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In the Jacksonian period of American History, the part played by the State of Ohio has been the subject of a vast amount of study. The names of John McLean, William Henry Harrison, Charles Hammond, and many others stand out prominently. Among these is Moses Dawson, who has, until recently, been left in relative obscurity because of the overshadowing attention given to his editorial and political rival, Charles Hammond. In spite of the large quantity of material dealing with Dawson, most writers have dubbed him a sympathizer with the Jacksonian cause. But he was more than sympathetic to Jacksonian Democracy-he was its western spokesman. Since this man's work, and especially his newspaper, have never been closely investigated, they have been chosen as the subject of this thesis.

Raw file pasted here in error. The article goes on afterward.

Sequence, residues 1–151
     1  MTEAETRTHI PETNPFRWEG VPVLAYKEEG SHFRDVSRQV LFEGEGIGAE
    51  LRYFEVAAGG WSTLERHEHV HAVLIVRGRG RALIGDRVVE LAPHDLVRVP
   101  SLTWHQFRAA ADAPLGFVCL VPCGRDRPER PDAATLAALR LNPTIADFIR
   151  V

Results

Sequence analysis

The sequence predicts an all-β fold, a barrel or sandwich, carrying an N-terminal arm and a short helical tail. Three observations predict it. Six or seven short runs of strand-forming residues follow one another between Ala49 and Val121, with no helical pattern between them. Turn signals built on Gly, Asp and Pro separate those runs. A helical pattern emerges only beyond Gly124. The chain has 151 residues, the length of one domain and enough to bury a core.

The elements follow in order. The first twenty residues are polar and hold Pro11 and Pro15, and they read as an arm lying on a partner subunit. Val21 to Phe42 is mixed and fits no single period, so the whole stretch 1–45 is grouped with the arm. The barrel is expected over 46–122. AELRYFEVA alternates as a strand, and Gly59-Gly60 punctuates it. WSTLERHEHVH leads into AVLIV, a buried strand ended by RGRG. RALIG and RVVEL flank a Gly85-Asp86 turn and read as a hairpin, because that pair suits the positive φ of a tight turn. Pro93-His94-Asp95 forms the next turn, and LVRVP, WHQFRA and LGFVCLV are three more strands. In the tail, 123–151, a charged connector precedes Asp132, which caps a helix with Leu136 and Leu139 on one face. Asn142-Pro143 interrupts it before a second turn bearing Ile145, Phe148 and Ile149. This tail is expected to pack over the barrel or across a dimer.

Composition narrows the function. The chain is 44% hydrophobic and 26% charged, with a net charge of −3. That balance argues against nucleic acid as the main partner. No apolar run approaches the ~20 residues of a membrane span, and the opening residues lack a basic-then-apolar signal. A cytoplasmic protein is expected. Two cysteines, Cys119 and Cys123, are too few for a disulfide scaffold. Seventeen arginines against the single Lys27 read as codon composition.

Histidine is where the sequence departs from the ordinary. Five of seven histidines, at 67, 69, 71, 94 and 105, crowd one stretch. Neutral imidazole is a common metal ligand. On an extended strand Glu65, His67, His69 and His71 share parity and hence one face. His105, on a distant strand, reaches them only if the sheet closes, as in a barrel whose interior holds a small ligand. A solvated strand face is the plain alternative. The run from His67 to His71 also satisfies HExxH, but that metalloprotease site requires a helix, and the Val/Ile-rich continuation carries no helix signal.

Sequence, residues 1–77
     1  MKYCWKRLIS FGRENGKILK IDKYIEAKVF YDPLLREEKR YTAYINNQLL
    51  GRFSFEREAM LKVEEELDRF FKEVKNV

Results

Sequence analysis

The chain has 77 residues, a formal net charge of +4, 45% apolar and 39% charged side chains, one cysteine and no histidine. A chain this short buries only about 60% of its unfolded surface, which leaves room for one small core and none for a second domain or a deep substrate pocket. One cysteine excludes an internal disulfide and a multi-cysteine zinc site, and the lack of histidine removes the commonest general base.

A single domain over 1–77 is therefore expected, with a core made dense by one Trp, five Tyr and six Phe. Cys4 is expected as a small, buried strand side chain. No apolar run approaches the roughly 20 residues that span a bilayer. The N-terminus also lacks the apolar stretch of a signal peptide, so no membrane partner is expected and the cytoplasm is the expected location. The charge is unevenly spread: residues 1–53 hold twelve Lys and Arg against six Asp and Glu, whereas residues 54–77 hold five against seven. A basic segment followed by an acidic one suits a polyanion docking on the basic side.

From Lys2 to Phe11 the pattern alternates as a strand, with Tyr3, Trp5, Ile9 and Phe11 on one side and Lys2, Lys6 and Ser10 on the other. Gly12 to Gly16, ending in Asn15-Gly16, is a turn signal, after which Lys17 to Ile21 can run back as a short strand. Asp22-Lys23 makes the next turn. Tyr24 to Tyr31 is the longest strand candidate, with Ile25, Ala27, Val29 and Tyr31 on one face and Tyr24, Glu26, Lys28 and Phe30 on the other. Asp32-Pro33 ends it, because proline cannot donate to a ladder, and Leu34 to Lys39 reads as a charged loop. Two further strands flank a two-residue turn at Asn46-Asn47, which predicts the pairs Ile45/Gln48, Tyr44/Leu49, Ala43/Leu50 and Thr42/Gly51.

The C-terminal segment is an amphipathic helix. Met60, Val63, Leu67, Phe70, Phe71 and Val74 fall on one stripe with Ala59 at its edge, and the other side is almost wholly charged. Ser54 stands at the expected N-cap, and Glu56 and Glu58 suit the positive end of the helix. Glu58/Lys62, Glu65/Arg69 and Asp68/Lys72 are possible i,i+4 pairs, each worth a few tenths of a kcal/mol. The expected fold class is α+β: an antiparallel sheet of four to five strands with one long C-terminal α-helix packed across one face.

Koberna, Thomas L., "Moses Dawson: Jacksonian Spokesman of the West" (1957). Moses Dawson Correspondence. 6.